Duke Energy Corp. has a backup plan for its gas needs should delays and cost overruns fully derail the Atlantic Coast Pipeline LLC project. But that does not mean the Southeast utility is giving up on the 1.5-Bcf/d long-haul project.
Duke is committed to the $7.5 billion line, spokesman Neil Nissan said a day after Duke CEO Lynn Good in an interview pitched a hypothetical scenario about what would happen if Atlantic Coast cannot be built.
"Duke Energy is committed to the Atlantic Coast Pipeline," Nissan wrote in a March 26 email. "As Lynn Good stated, if Duke Energy is unable to get ACP in place, we would need to look at building other infrastructure to provide the critical natural gas that is needed in the region. But at this point that's speculative, and we're committed to the Atlantic Coast Pipeline and the significant benefits it will deliver to our customers."
The Duke Energy CEO had described a potential pipeline project that would run East-West across North Carolina, unlike Atlantic Coast's North-South route, in an interview that appeared in a March 25 Bloomberg News article. The comment came after a reporter asked what the best alternative would be if the Atlantic Coast project does not move forward. Good went on to say during the Bloomberg interview that her company is confident that the project will be completed in a timely manner.
The Atlantic Coast pipeline, a joint venture of Duke Energy, Dominion Energy Inc. and Southern Co., has faced permitting and legal troubles after it was approved by the Federal Energy Regulatory Commission in October 2017, including the loss of a U.S. Forest Service authorization to cross the Appalachian Trail. The setbacks have delayed construction and increased costs from an earlier $5.1 billion estimate to an estimate of up to $7.5 billion in a recent assessment.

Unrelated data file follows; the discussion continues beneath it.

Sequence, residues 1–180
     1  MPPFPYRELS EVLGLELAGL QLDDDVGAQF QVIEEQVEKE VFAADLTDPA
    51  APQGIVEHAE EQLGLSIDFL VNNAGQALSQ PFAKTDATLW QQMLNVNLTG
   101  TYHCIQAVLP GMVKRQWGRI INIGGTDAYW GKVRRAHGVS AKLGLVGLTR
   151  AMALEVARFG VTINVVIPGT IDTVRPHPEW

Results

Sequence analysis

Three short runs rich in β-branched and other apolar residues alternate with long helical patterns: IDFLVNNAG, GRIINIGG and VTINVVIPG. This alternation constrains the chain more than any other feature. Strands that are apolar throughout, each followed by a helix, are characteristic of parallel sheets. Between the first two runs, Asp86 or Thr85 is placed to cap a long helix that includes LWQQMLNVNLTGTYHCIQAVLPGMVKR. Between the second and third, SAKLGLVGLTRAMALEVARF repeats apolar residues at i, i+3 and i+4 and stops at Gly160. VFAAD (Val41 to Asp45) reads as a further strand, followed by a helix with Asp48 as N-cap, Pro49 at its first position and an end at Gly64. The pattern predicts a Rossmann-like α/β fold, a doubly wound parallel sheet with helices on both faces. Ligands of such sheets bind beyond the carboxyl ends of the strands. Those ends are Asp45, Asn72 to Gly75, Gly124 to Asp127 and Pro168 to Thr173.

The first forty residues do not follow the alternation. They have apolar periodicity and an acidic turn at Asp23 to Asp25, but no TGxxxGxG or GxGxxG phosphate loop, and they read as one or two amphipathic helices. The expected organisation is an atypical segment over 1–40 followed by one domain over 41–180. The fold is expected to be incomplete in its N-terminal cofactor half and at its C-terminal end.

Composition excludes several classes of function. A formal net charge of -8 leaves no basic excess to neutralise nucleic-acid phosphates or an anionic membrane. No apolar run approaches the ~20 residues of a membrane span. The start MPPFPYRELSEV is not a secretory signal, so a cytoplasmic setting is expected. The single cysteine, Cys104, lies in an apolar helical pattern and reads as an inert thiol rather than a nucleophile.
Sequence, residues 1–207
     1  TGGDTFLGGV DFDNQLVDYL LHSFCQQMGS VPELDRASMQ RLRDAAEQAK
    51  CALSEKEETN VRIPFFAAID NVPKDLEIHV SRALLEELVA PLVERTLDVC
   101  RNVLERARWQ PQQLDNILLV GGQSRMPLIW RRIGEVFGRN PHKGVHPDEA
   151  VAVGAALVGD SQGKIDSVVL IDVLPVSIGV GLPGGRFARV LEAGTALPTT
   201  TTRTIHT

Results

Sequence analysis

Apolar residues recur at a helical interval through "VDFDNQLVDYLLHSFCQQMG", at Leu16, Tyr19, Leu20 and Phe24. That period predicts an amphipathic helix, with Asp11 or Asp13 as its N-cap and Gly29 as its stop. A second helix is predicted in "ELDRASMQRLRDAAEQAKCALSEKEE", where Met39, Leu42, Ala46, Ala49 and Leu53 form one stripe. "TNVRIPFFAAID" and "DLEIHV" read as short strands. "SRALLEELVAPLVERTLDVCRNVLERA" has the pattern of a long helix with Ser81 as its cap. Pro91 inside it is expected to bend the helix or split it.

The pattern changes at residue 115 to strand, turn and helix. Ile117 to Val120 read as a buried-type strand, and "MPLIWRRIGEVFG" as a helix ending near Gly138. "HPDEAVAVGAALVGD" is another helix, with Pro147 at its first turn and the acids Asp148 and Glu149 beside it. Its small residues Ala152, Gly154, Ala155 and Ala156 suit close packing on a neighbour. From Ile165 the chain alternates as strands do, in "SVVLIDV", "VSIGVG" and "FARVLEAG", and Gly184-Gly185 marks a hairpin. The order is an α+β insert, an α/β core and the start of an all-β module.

Duke Energy CEO Lynn Good said her company remains committed to the Atlantic Coast pipeline.
Source: AP images
Environmental opposition has played a large part in the challenges to the pipeline. The Sierra Club pointed to Good's comments in the Bloomberg interview as evidence that Duke Energy has doubts about the Atlantic Coast project.
"Duke Energy is finally getting the picture that it cannot overcome the power of the grassroots, the economics that favor clean energy over fossil fuels, and our fundamental environmental safeguards," Kelly Martin, director of the Sierra Club's Beyond Dirty Fuels campaign, said in a statement.
The Atlantic Coast project would consist of about 600 miles of pipeline through West Virginia, Virginia and North Carolina that would move gas to mid-Atlantic and Southeast markets. Nissan called it "a critical infrastructure investment" for the Southeast.
"It will provide significant benefits to our customers, including access to a lower-cost natural gas supply, increased supplier diversity, improved natural gas transmission infrastructure, increased operational flexibility and system reliability," he said.
The project has received the necessary federal and state permits to ensure it is "built in a way that protects public safety and the environment," Nissan said.
Dominion also expects to complete the Atlantic Coast project. "We're actively pursuing multiple paths to resolve all outstanding permit issues including judicial and legislative avenues," spokesman Karl Neddenien said.
"Our current expectation is that construction could restart in the third quarter of this year," Neddenien said. "Regardless of temporary delays, we know that the completion of [Atlantic Coast] is essential to meeting the energy needs of millions of Americans, and we are confident in the ultimate outcome: The ACP will be completed."
Duke executives have said gas is an important part of the company's energy portfolio. "Natural gas will play a major role in a cleaner energy future, and we are leveraging the overlap between our electric and gas businesses to provide better service to our customers," Good said on a Feb. 14 earnings call.